00;02;30;12 – 00;03;06;13
Unknown
So what is what is that telling us as you know, as as a community, it’s telling us that we’re not learning from our mistakes. Right. We’re going into new relationships and maybe not taking the time. So I think it’s really important as you move forward and you recover from your divorce, that you take the time to really think about and jot down and study what you liked, what you didn’t like, and what you can improve on, and maybe the things that you want to really focus on in your next partnership.

00;03;06;14 – 00;03;29;06
Unknown
You know, ask yourself, what do you want to be different and how you can contribute to that? Absolutely. So I know we are going to break this down, right? Yeah. Okay. So I’ll start. So I think one of the first things is owning your part in the issues, in your your relationship. You know, the reason people get divorced are many.

00;03;29;09 – 00;03;56;07
Unknown
However, in many cases it wasn’t mostly or typically about one particular person. We spoke about this recently and that, you know, while it may be one issue, one circumstance that really like the straw that broke the camel’s back. Yeah, that it really is. You know, typically both spouses that made mistakes they made error and judgments. They were engaged in hurtful actions.

00;03;56;07 – 00;04;26;27
Unknown
You know, whether intentional or not, large or small, these acts erode or destroy relationships over time. Right? Sure. So it’s not easy learning about yourself and your history and what you you actually contributed to the end of a relationship. But on the other hand, as we just said, it’s a good place to learn what you want, what you need, and what you brought into that relationship and what you don’t want in the next one.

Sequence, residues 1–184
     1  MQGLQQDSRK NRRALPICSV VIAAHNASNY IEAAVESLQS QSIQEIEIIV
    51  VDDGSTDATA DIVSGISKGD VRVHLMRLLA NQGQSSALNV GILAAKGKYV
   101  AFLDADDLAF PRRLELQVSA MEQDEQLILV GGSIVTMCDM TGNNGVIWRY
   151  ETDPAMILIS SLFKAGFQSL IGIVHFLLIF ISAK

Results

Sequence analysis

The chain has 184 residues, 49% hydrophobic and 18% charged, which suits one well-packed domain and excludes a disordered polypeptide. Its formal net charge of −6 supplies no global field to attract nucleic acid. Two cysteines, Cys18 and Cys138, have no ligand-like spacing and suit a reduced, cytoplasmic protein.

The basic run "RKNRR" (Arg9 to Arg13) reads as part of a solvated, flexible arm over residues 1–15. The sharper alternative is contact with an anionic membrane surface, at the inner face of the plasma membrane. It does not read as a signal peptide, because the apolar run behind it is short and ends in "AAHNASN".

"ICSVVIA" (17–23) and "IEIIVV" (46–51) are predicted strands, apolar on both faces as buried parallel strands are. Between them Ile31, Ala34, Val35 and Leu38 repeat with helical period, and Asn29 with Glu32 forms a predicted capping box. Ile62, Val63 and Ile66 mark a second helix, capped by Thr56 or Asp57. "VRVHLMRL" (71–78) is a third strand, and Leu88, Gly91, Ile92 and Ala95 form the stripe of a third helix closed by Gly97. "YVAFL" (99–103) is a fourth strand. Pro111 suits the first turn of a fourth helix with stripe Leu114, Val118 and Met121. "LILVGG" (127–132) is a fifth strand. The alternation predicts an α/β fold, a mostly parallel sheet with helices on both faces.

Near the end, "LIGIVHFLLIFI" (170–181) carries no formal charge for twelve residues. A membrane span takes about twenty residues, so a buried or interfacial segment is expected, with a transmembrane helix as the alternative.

00;04;26;29 – 00;04;53;10
Unknown
So investing your time in getting to know yourself and what you’re all about, you know, and what that looks like includes things like potentially, like we said, sitting down, reading, journal eyes, journaling, sorry, therapy, of course, coaching. This is one of the things we reflect we looked at when we coach with someone. We look at their past, their present, their future.

00;04;53;11 – 00;05;14;24
Unknown
Right. We look at those, we learn from those and we grow a future and goals. And when you examine your mistake X and you learn from them, you’re less likely to repeat them in your next relationship. So as we said, you may choose your next partner more wisely. Absolutely. Absolutely. And you know, and you know, this holds true.

00;05;14;24 – 00;05;35;14
Unknown
I know we’re talking about divorce, but this could be in any relationship you’re in. Absolutely. It could be a relationship with a friend that you lost a connection with, you lost friendship with or family member. Family member, coworker, coworker. Yeah, right. So it could be any relationship? Absolutely. 100%. Yeah. The next thing is building your resilience or your ability to bounce back.